So we had that conversation with bender, uh, or the, uh, the position that we reached was my, the product will retain control of the curation, but where we'd love to hear from Pendo is where they say we're dealing with customers right around the world. This is a growing. You should consider this as a curation team.

Is there a speaker that you think might fit? So absolutely feed into us. Talk to us about the trends that you see out there in the market. Talk to us about what your customers are struggling with. That's great insight for us, [00:24:00] but otherwise the existing curation committee retains its own autonomy and exists as it always is.

Cool. And what does it take to get on the stage then on the product? So typically what we're looking for is people who are super credible in the product industry. They've got stories to tell they've learnt those battles scars, right? And then secondly, they've got to be able to get on that stage and. Get up in front of 1500 people and keep them engaged, keep them in thrawled and give them a takeaway that they leave.

Say, I feel emotional about this by either feel inspired or I feel curious, you've go inspire something in them. Uh, we've always said that the, the product tech meetups that happen all around the world month in, month out. That's kind of the stuff that gets you through the dikes day that gives you the tactical tips.

The go try. They're still struggling with that. We're at the annual conference of the thing. That's there to remind you why you got into product in the first place. It's there to inspire you for the year ahead. This is not necessarily an easy job that does make it rewarding, but it also means you need some resilience by doing that.

That's what the conference is. So a lot of the best speakers that we've got people who've been [00:25:00] guests on the podcast before, or they've written guest post articles for us before, or they've spoken on a product tank stage somewhere. And, you know, an organizer from Hamburg will come and tap us on the shoulder and say, Hey, I had a speaker last week at our local product and they were awesome.

You should consider them for the main. So that product network is kind of a talent, find a pipeline for us. And we pretty much every major conference we've run. There's been somebody on that main stage who previously spoke product time. Can we buy that talent? Great. How can we coach them? How could we help them develop that story that needs to go to a wider audience?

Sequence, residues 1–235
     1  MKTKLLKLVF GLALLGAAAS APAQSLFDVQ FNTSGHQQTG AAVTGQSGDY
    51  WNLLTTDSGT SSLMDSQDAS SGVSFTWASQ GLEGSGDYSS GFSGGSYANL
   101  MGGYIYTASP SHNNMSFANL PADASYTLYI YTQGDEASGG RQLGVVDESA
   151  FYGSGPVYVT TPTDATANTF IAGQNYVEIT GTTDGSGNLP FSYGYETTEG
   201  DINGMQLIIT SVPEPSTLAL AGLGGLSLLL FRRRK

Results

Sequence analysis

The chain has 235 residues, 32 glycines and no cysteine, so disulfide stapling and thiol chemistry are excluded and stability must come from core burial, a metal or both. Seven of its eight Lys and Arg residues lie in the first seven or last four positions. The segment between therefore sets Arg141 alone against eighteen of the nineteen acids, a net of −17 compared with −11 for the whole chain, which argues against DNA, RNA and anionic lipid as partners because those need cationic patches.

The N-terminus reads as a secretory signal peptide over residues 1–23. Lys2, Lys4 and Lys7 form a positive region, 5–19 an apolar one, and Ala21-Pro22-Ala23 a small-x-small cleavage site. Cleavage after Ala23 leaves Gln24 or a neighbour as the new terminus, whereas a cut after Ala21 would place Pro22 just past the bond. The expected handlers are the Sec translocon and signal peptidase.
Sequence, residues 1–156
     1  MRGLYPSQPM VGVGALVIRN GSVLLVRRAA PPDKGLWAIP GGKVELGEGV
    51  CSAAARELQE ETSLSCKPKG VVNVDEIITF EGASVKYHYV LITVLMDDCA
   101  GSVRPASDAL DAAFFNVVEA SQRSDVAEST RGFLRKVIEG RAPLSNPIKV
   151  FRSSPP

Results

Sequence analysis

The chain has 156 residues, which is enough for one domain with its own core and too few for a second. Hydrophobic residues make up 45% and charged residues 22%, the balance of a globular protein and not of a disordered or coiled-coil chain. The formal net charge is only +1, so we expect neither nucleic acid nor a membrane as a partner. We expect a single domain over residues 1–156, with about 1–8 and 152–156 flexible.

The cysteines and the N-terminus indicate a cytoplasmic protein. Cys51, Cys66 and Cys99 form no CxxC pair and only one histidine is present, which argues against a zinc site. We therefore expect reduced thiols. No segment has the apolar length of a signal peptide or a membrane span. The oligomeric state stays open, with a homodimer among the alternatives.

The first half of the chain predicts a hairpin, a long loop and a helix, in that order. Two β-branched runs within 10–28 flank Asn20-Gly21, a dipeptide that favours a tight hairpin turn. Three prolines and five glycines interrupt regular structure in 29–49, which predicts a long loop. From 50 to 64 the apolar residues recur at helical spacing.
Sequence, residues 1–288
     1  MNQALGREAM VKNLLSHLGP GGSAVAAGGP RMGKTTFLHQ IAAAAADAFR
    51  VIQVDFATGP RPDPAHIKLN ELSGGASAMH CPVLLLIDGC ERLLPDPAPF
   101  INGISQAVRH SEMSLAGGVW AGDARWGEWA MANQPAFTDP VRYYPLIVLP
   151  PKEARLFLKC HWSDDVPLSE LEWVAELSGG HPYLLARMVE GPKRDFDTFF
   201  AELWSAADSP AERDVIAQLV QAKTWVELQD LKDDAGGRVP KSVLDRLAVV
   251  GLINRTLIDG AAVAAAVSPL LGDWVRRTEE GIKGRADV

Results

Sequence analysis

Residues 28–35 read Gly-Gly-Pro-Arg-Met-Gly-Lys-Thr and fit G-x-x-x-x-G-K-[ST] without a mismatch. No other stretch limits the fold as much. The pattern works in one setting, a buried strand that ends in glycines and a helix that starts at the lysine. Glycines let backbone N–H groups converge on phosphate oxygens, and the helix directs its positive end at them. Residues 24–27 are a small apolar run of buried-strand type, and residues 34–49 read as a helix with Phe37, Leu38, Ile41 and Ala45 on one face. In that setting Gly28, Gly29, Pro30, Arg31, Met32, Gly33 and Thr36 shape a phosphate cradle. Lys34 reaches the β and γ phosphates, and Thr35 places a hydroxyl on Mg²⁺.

That's very cool. And it's nice to just sort of have these feelers out there across the world and pushing forward some good talent. You the next thing then as well. Being acquired. We talked a little bit about like what the plans are, uh, for integration with Pendo and stuff. What would you say is like a big move now for the products, uh, or conferences coming back?

Uh, they come back in a big way. And then how does this now merge with the subscription? Uh, that's been introduced, like, what are your [00:26:00] plans and thoughts? So the subscription side of things, but we've started to work out what that model looks like with the two coming together. So typically now, when somebody buys a ticket to the annual conference, they'll get one of those memberships bundled as well.

We're trying to brought a lot more of that. And again, it's that idea of one day get really excited. And then the rest of the year have this content and these smaller events that continue to underpin that and drive that forward. And we've got a, um, a self-directed learning program on there now with online training modules.

So again, that's giving people exercises week by week. Bite-sized bits of learning to keep them going and keep them moving forward. In terms of conferences. Certainly the appetite is there for physical events again, but there's also a group emerging of people who say, I don't need to get on a plane and travel halfway around the world.

Take three days out in the opposite order to attend a conference. I can get the biggest. In the online recordings, which still existed in the membership portal. So you can just find membership and not going to the conference. But I think what we're seeing is that, that diversity of audience now, with two groups, the ones who say I want really highly polished premium content that I can access from home [00:27:00] versus the people who say, I now work at home full time.

I will take any excuse I can to get out and go meet my peers in the flesh, have a coffee, chew the fat, listen to somebody on a stage. So I think we are, I think those two groups are here to stay. And our challenge is to say, let's make sure that we remain ever conscious that we don't run one event for 100.

We run one event for two separate audiences, and we need to map out their journey separately. The online experience will be you buy ticket like this, you get your information like that. You attend on the day like this, you engage like that. And it's very, very different to the physical event. And we need to recognize both of those as independent audiences.

If we're trying to treat them both the same one group or other would end up feeling like second class citizens. And that's absolutely not what. Yeah, and it's a tough place to be as well, coming from a space where you were like experts at the, uh, in person, uh, conferencing and new to this world now of subscriptions and building the model and then trying to create this equal experience for both, uh, must take a steep learning curve as well, uh, from your [00:28:00] perspective.

But I think we've got incredibly strong product people within the business by virtue of who we are. And. If we keep those feedback loops nice and tight. If we keep listening to our audience, if we get using the analytics and understanding where are people using it, where are they? Where are they spending time?